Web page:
Ask Abbey: February edition answers questions on Lent, love, Ranch dressing, and more

In an effort to better interact with and learn what concerns its audience, The McNicholas Milestone launched the “Ask Abbey” column under senior Milestone staffer Abbey Pour for the second semester of the 2017-2018 school year. The column takes questions from Milestone readers, and Pour answers them to the best of her ability. Questions are published anonymously and can be about anything, but The Milestone reserves the right to refuse publishing any material that could be libelous, in poor taste, or otherwise violates journalistic ethics. The goal of this column is for pure entertainment purposes only. To submit questions for the monthly article, email Pour or advisor Angie Noble.

– During the season of Lent, we, as Catholics and Christians, are asked to reflect upon the Passion of Christ. What does the Passion of Christ mean to you? Do you have any advice on how we can be better at expressing our passion for Lent? Just giving up an hour of TV or my favorite candy does not mean much.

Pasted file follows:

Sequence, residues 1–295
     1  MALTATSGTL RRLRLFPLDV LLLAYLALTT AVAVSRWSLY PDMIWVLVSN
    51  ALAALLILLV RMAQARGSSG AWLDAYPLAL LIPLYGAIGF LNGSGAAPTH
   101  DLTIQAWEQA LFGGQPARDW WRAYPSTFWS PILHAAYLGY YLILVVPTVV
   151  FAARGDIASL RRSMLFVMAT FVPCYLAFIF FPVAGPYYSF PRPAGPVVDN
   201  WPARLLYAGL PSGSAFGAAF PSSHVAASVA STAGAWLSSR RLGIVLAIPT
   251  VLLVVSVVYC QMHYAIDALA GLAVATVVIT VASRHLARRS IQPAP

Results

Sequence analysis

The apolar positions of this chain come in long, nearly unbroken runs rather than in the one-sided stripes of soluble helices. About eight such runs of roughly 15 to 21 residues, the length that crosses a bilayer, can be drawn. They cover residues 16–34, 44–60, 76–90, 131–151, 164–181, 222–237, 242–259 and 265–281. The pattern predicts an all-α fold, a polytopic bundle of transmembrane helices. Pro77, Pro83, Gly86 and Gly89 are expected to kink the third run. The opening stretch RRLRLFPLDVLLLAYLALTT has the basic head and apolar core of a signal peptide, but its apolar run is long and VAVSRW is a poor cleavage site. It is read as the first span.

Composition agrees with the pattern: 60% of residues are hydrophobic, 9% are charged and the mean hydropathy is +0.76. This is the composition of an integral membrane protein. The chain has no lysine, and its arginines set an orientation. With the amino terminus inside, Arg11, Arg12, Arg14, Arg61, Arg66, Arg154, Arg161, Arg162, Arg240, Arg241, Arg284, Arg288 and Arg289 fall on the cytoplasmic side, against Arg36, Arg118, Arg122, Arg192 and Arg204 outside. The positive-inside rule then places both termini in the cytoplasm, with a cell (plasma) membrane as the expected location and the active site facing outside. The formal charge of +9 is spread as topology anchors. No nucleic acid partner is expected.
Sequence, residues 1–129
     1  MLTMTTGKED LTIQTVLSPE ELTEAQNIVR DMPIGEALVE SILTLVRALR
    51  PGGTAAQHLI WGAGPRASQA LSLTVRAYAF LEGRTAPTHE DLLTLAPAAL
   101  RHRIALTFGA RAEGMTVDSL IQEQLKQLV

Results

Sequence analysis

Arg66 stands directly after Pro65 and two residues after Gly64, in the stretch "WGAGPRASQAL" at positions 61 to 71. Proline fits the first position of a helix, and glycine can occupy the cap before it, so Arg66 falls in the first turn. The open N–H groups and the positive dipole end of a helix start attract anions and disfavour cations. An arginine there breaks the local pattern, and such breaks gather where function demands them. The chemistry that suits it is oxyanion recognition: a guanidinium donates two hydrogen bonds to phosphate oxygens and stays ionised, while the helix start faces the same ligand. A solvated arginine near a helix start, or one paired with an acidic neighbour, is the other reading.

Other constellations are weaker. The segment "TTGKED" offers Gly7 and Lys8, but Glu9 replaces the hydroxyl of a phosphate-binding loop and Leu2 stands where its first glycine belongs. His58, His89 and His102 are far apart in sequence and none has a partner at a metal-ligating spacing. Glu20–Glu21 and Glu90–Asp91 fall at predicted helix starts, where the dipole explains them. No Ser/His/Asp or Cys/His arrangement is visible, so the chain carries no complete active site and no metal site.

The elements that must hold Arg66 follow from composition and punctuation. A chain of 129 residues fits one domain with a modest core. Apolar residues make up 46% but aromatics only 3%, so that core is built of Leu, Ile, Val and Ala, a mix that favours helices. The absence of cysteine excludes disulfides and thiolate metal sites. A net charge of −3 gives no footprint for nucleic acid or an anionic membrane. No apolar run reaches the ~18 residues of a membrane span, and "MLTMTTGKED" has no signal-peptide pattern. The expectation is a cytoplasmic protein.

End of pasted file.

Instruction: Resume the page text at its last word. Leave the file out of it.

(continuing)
To me, the Passion of Christ is the ultimate sacrifice. I think that the words “Jesus was crucified,” and “Jesus suffered for us” become numb to us after a while. They are thought of as matter-of-fact and can carry less meaning than was originally intended. The Passion of Christ to me is taking a step back and reflecting on what it really meant to be betrayed, humiliated, whipped, and stripped of one’s dignity, to endure a backbreaking burden and be taunted on the brink of exhaustion, all while knowing that you are walking to your death. Jesus could have dropped his cross at any time knowing he was going to die no matter what, but he chose to carry it for us, to fulfill God’s Word and to save us. The Passion of Christ is recognizing the burden Jesus carried for what it is and to reflect upon it, renewing our faith, love, and devotion to and for others. On the topic of expressing our passion, I believe that Lent is a season where we are to examine ourselves and how we need to grow, and to choose to do something or to refrain from something that will help us grow as people.